As a parent, I find it really difficult to get anything out of Mass when I have to wrangle and take care of my kids through it all. Sometimes it seems like it would just be better to stay home; I don’t get anything out of it, and it seems like they don’t either. I usually end up feeling defeated. What should I do?
|Father Michael Schmitz
Ask Father Mike
Thank you so much for sharing your situation and this question. You have just described the experience of probably every single Catholic parent who has ever brought their children to Mass. You show up stressed, you sit there stressed, every time your child makes a sound it adds to the stress. In addition, having to take them out of Mass is a challenge in and of itself. When do you take them out? For how long? When do you come back? If your parish even has a cry room, many parents treat it as a play room, so you feel like you can’t even go there. I completely understand why you would be tempted to believe that it is all just a waste of time.
But if we understood one thing clearly, I believe that it would change everything about how we approach the Mass.
I will ask people this question all of the time (so much that I start to wonder if they are sick of my asking). It is this: What is the heart of religion? For many of us, we might say that the most important part (or the heart) of religion is the creed — what we believe. While the creed is incredibly important, it isn’t the heart of religion. Others might argue that the heart of religion is morality — how we behave. That too is very important, but it isn’t the heart.
I would maintain that the heart of religion is worship. The creed and morality direct and serve worship. What we believe about God and what constitutes a good life is oriented towards the act of worship. In every world religion, worship has been the central and most important action a people could participate in.
Worship is the thanks, praise, and honor we give to God. And for virtually all of human history, the heart of worship has been sacrifice. What is that precious and valuable thing that one is called to offer to God out of love? Of course, the Bible makes it clear that the sacrifice that God desires is a humble and contrite heart. But this heart of contrition and obedience is expressed through the concrete action of offering a valuable sacrifice.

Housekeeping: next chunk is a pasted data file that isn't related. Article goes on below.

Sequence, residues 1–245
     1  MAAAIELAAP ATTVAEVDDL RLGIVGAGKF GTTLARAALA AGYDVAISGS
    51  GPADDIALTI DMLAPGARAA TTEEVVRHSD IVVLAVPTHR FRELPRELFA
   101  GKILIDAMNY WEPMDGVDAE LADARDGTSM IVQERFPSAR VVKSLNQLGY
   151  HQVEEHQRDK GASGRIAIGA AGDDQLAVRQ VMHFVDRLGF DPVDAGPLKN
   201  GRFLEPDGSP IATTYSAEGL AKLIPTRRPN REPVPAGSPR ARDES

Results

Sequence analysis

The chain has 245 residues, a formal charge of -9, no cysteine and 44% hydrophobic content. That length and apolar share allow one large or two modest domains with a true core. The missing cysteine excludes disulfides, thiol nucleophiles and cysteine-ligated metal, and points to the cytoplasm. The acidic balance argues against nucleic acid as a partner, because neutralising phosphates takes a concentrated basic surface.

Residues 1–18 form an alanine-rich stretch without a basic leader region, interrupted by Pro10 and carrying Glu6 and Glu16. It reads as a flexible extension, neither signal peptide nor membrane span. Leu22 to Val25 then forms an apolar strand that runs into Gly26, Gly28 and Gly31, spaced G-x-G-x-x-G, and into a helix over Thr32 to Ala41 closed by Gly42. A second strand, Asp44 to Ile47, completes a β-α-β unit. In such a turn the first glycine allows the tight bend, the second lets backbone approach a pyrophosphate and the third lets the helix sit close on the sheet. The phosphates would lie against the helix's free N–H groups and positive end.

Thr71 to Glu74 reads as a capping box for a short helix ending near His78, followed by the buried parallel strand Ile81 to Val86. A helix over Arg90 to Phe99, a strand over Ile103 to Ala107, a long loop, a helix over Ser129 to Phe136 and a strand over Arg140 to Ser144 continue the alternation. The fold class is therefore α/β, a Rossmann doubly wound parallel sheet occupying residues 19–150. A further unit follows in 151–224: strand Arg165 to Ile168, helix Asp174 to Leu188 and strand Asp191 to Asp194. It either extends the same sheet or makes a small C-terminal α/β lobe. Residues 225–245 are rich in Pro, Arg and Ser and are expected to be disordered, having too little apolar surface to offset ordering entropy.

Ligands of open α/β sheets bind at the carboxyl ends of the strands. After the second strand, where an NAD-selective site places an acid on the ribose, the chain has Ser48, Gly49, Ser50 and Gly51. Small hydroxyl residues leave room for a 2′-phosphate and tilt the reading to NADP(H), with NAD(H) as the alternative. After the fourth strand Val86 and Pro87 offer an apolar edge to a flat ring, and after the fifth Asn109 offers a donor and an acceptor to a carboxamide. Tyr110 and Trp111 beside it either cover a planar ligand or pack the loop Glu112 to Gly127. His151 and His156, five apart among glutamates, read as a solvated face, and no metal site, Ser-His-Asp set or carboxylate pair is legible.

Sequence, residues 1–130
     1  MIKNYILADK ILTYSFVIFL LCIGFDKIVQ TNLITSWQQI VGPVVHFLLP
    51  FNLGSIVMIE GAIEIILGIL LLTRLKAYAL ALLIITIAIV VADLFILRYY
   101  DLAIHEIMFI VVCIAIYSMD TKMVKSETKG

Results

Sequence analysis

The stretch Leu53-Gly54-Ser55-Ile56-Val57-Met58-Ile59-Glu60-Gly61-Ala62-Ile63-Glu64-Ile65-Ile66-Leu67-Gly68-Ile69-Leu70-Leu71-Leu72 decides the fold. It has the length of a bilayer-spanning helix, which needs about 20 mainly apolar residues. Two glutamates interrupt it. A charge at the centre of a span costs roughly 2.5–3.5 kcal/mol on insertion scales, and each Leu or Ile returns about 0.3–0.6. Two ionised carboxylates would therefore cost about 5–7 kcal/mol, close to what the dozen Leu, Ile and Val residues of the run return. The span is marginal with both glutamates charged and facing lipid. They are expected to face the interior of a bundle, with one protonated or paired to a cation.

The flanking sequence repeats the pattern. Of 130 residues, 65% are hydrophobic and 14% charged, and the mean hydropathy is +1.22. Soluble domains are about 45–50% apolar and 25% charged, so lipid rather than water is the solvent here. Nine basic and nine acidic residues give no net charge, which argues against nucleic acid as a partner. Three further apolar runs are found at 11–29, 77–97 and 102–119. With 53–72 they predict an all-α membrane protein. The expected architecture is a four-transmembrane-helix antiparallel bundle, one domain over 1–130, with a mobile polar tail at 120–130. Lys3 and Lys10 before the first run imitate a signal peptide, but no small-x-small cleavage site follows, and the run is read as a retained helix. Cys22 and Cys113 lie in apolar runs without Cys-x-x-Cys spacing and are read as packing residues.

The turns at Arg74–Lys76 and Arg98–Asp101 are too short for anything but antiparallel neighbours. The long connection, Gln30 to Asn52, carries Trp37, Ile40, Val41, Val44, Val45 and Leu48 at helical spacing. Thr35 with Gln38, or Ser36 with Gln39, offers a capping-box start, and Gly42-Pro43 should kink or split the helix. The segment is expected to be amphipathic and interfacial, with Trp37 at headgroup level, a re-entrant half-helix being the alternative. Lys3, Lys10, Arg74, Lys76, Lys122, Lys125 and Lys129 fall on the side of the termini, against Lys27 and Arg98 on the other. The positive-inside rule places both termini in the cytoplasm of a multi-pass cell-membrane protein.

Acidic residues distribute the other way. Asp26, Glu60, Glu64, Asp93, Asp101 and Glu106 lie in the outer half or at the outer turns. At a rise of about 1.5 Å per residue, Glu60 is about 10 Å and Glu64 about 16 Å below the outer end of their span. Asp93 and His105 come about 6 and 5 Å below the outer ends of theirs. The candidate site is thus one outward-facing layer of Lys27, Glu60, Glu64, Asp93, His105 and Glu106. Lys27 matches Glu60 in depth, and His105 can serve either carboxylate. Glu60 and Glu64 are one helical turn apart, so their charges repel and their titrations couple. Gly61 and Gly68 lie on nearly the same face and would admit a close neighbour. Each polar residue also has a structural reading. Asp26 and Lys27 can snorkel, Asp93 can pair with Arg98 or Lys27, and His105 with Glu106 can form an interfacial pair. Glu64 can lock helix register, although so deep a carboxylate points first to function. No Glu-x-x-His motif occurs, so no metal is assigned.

So, if the heart of religion is worship … and the heart of worship is sacrifice, then we realize that going to Mass (the most perfect form of worship we have been given) has nothing to do with what I get out of it. In fact, it is the opposite. The point of the Mass is all about what I can give.
The primary gift (sacrifice) that we offer to God the Father is the once for all sacrifice of the Son. When the bread and wine truly become the Body and Blood, Soul and Divinity of Christ, we offer him to the Father in the power of the Holy Spirit. This is why the “high point” of the Mass is not the moment of transubstantiation (the miracle by which the bread and wine become the Body and Blood), nor is it the moment of Communion (although there is no greater moment of vulnerability and unity with God than this). The high point of the Mass is when the priest elevates the Eucharist, and, speaking to the Father, prays, “Through him, with him, in him, in the unity of the Holy Spirit, all glory and honor is yours, almighty Father, forever and ever.” And all of the people say, “Amen!”
This is the moment the sacrifice is offered! This is the heart of the Mass!
So what does this have to do with wrangling children in church? Everything. What is every parent doing by bringing their rowdy children to Mass? They are making a huge sacrifice. Every parent who didn’t get a moment to reflect or to pray or to listen to the readings or the homily is making a sacrifice. Every parent who had to fight with their children to get everyone in the car and on the way to Mass is making a sacrifice. Every parent filled with anxiety over whether or not their children will behave is making a sacrifice.
And what is the point of Mass? To offer the sacrifice. What every parent can do is take all of the sacrifices they are making for their spouse, for their children, for their parish and unite them to the One Great Sacrifice of Christ. Even if a person is distracted, they can offer the distraction (that’s a sacrifice). Even if they are frustrated, they can offer the frustration (that’s a sacrifice).
Get this, even the people who can’t hear anything because someone else’s children are making a fuss and causing a ruckus don’t have to be upset. They get to offer that as a sacrifice. If the people next to you at Mass smell, or sing poorly, or look at you out of the corner of their eye, nothing to worry about and nothing to lament. All of those are opportunities for sacrifice. And sacrifice is the heart of worship.
Father Michael Schmitz is director of youth and young adult ministry for the Diocese of Duluth and chaplain of the Newman Center at the University of Minnesota Duluth.